In the midst of their storm… Jesus was revealed in their presence. Jesus the crucified one, Jesus the Passover sacrifice, Jesus who had been born of Mary, who had taught, who had healed.
Jesus, who was no longer dead, whose glorious resurrection was revealed by His presence! The relationship they had was not over, it had become even more glorious, as they realized, Praise God, He is Risen! (He is risen Indeed, Alleluia1)
And therefore…. (we have risen Indeed! )
Like the tree in the picture calls our attention, so too He calls our attention, our presence for in His presence we know His peace.
How often must we hear these words?
Jesus appears in the presence, like the tree appears along the side of the road, and the words resound, “Peace be with you!” Even as their hearts were so flooded with joy that the anxiety was drowned, the words would resound again – “Peace be with you!”
We need to understand that blessing, and its equivalents, “fear not”, and “the Lord is with you!” We need to hear them, to understand them. We need to taste them, digest them, to bring them into the very core of who we are.
The problem is that these words can become the church equivalent of “How are you doing?” with the quick response of “And also with you” or “with your spirit”. We too often reduce a powerful blessing to a greeting and polite response.
Why is that a problem?
We need peace. Satan would rob us of it constantly. He does it through encouraging our sin, and the shame and guilt it will cause. He does it through the sins others commit against us, as we allow the resentment to build, as we try to justify our sinful responses. Satan would use grief and despair as well, even as he did with Thomas.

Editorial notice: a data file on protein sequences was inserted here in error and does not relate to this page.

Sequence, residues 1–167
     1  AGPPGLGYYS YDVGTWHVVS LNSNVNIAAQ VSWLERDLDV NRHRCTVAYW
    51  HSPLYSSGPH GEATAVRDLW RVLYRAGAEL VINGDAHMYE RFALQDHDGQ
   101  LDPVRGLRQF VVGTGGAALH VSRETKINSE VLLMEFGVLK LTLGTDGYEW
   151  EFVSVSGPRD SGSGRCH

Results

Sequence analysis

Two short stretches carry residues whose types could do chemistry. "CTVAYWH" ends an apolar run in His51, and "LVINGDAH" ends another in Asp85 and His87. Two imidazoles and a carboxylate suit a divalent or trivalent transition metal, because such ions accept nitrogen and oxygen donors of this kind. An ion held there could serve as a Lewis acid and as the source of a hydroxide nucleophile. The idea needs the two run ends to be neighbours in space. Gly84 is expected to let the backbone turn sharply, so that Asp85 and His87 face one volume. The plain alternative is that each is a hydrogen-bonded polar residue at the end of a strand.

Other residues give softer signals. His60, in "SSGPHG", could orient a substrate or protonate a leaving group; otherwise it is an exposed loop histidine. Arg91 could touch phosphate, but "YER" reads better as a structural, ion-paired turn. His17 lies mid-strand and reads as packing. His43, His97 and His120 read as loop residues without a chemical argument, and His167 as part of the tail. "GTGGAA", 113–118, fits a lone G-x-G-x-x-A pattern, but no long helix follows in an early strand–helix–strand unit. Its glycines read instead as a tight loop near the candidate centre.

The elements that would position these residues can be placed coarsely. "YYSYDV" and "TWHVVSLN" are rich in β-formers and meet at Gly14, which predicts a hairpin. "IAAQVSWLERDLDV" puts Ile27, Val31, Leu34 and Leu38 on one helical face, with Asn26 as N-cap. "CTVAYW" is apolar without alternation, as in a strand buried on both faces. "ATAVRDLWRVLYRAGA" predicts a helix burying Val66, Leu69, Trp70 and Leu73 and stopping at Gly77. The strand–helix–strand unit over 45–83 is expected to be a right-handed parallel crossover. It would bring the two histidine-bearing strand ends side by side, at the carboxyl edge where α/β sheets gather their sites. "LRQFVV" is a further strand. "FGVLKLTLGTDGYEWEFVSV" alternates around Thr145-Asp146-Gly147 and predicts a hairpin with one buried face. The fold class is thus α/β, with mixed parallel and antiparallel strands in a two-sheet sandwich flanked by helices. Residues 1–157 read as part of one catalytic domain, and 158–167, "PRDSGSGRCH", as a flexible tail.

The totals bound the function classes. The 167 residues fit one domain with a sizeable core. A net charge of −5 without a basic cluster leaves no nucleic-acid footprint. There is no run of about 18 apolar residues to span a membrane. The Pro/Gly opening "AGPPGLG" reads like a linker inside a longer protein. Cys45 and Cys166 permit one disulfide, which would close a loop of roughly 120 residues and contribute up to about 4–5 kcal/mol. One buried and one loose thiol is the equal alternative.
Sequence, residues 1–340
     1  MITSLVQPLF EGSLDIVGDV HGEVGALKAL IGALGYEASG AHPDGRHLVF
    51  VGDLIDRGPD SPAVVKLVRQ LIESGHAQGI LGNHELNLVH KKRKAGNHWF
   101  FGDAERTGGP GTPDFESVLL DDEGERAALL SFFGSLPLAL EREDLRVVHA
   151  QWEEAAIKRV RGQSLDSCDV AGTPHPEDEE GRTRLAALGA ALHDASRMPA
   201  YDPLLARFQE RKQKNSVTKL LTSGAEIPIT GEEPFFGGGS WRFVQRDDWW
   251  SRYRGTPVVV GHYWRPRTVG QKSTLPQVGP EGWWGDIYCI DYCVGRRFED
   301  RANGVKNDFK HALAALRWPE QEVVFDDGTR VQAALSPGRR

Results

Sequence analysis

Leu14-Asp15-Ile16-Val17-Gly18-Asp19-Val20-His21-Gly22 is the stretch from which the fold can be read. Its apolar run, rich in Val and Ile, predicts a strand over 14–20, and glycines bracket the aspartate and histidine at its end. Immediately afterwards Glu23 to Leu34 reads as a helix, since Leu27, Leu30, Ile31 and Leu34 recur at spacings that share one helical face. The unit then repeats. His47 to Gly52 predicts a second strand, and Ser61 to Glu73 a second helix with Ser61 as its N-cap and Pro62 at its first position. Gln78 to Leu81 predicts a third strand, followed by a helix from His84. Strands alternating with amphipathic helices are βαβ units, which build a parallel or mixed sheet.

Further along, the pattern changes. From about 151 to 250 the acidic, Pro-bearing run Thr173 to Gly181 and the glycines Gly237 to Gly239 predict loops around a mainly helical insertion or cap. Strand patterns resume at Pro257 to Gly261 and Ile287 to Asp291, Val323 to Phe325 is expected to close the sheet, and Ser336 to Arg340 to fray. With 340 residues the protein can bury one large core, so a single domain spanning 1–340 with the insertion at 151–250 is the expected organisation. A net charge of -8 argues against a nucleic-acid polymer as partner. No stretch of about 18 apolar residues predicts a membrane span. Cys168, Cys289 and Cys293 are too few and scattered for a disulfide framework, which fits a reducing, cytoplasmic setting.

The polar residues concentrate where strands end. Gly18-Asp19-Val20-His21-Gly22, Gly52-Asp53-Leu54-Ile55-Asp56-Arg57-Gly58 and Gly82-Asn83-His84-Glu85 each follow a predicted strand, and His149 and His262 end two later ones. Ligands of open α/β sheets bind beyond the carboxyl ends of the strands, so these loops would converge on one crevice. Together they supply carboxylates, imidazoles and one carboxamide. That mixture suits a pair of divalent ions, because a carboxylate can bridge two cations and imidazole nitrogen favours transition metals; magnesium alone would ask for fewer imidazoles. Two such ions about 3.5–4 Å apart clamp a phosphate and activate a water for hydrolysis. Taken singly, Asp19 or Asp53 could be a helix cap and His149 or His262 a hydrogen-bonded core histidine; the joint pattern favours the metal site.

It can be so easy to take Thomas’ position, to cry out Lord, unless I see you, unless I know you are there, I won’t give up my doubt, or my anxiety, or my pain. I won’t let you deal with it.
And then, when someone tells us, as we shall moments from now, “God’s peace is with you,” we quickly answer back – even mumble back a suitable response.
My friends, we can’t do that anymore. We need to hear those words, we need to know as we approach this altar that God will take those anxieties, those pains, the guilt, shame and resentment away from us.
An example of Christ’s ministry
That is exactly how Jesus dealt with Thomas….
“Peace be with you!” He exclaims to the room again, not just for Thomas, but for all of the brothers.
Thomas, you needed these hands? I am here, in the flesh. My side? I will offer it to you, the side from which my blood poured. Now, can you live in peace?
I think we read this passage sometimes, without seeing Jesus’ love for Thomas, We want to hear Jesus’s words without compassion, simply going, okay Thomas, here you go. Now get back to work.
But Jesus knows him, knows his brokenness, knows how much Thomas wants to believe. He made Thomas, he walked with him for years.
This is the same God who inspired Solomon at the dedication of the temple, to pray,